In a world first the Institute of Advanced Architecture of Catalonia (IAAC) has unveiled a first 3D-printed pedestrian bridge.
The bridge spans 40 ft (12 m) and measures 5.7 ft (1.75 m) wide and was installed at Castilla-La Mancha in Alcobendas, a park in central Madrid. It is made up of eight separate 3D-printed parts.
While large-scale 3D printing has become more widespread, with many types of materials are currently being experimented with, few are designed to be load bearing.
The IAAC team behind the bridge – which was inaugurated last month – look to have taken inspiration from the organic works of Spain’s most well-known architect Antoni Gaudi.
The IAAC stated that the project “reflects the complexities of nature’s forms, was developed through parametric design, which allows to optimise the distribution of materials and minimise the amount of waste by recycling the raw material during manufacture.”
“The computational design also allows maximizing the structural performance, being able to dispose of the material only where it is needed, with total freedom of forms, maintaining the porosity thanks to the application of generative algorithms and challenging the traditional techniques of construction.”
While the final printed product might look like a styrofoam prop you would expect to see in a Hobbit movie it is a sign of things to come.
Last year, Dubai showcased a 3D-printed office building which used a custom-built printer to exuded a cement mixture, and an Italian engineering company worked on massive 3D printers that can build structures out of mud, clay or natural fibres.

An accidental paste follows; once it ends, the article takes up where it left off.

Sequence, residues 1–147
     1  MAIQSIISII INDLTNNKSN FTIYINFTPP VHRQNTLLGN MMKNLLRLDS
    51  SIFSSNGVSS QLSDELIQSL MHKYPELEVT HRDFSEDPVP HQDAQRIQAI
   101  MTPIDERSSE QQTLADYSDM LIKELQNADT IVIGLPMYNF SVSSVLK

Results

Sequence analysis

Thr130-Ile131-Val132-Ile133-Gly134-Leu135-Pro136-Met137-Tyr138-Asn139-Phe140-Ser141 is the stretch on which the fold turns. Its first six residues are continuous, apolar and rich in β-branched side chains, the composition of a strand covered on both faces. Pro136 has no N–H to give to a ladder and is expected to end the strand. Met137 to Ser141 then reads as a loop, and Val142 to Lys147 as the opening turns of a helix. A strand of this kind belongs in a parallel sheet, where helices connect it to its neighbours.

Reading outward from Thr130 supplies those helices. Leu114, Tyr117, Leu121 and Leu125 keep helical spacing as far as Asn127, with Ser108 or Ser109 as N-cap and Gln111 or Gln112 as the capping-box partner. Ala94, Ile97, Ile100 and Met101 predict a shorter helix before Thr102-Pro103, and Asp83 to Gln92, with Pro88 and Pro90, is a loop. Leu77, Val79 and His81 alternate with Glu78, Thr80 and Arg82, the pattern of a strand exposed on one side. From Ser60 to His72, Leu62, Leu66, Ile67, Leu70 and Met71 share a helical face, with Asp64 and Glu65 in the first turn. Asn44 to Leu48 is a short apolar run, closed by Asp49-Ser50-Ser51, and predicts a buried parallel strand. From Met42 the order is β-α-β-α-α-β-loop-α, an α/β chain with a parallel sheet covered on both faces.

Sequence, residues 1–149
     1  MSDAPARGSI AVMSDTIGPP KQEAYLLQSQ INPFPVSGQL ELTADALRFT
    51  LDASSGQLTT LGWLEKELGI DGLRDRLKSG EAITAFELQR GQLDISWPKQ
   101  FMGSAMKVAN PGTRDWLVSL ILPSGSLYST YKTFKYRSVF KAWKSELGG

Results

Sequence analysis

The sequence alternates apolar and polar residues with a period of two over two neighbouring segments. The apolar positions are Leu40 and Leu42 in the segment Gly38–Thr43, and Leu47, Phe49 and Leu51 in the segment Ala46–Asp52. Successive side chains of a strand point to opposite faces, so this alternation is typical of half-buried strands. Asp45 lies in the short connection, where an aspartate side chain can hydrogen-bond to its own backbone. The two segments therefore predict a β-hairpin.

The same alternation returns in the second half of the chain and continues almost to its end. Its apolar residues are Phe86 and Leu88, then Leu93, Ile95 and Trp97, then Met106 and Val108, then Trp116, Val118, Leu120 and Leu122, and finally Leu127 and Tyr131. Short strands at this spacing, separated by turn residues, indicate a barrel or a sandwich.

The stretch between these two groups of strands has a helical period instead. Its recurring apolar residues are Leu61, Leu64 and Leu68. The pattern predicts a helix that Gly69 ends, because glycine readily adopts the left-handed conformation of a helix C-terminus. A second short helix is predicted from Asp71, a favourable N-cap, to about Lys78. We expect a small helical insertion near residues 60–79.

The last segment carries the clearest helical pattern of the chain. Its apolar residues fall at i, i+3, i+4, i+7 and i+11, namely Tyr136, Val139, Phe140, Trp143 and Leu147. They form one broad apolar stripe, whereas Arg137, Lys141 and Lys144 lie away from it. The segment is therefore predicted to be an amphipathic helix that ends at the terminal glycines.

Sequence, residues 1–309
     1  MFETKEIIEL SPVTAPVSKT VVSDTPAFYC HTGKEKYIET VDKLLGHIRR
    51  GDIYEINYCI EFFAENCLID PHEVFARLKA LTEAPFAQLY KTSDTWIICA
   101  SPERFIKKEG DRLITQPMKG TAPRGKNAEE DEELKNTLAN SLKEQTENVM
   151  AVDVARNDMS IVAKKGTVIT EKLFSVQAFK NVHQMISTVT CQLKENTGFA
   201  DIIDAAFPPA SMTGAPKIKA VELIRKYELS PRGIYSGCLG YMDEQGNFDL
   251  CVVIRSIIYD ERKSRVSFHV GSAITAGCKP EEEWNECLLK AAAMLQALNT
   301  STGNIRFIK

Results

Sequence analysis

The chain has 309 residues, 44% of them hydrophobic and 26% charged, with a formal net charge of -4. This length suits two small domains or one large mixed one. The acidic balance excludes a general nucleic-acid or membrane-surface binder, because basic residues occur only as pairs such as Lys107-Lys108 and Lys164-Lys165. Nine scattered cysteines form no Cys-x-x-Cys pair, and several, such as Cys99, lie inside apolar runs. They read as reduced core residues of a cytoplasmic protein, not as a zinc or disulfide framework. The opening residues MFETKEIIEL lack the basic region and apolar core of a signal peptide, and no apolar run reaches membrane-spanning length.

MX3D, a Dutch printing firm is planning on building a steel bridge across a canal in Amsterdam. The company intends to use a innovative robotic 3D-printing technology that will allow structures to be created at the site in mid-air.
About the Bridge
- It is constructed out of a fused concrete powder micro-reinforced with thermoplastic polypropylene
- It spans 40 ft (12 m) and measures 5.7 ft (1.75 m) wide
- It has proved safe for the IAAC team
- It was developed in collaboration with a team of architects and engineers
- It is constructed out of a fused concrete powder micro-reinforced with thermoplastic polypropylene.
- Leading pioneer in giant 3D-printing technique, Enrico Dini, was a principle collaborator with his D-Shape printer allowing for the creation of this novel structure.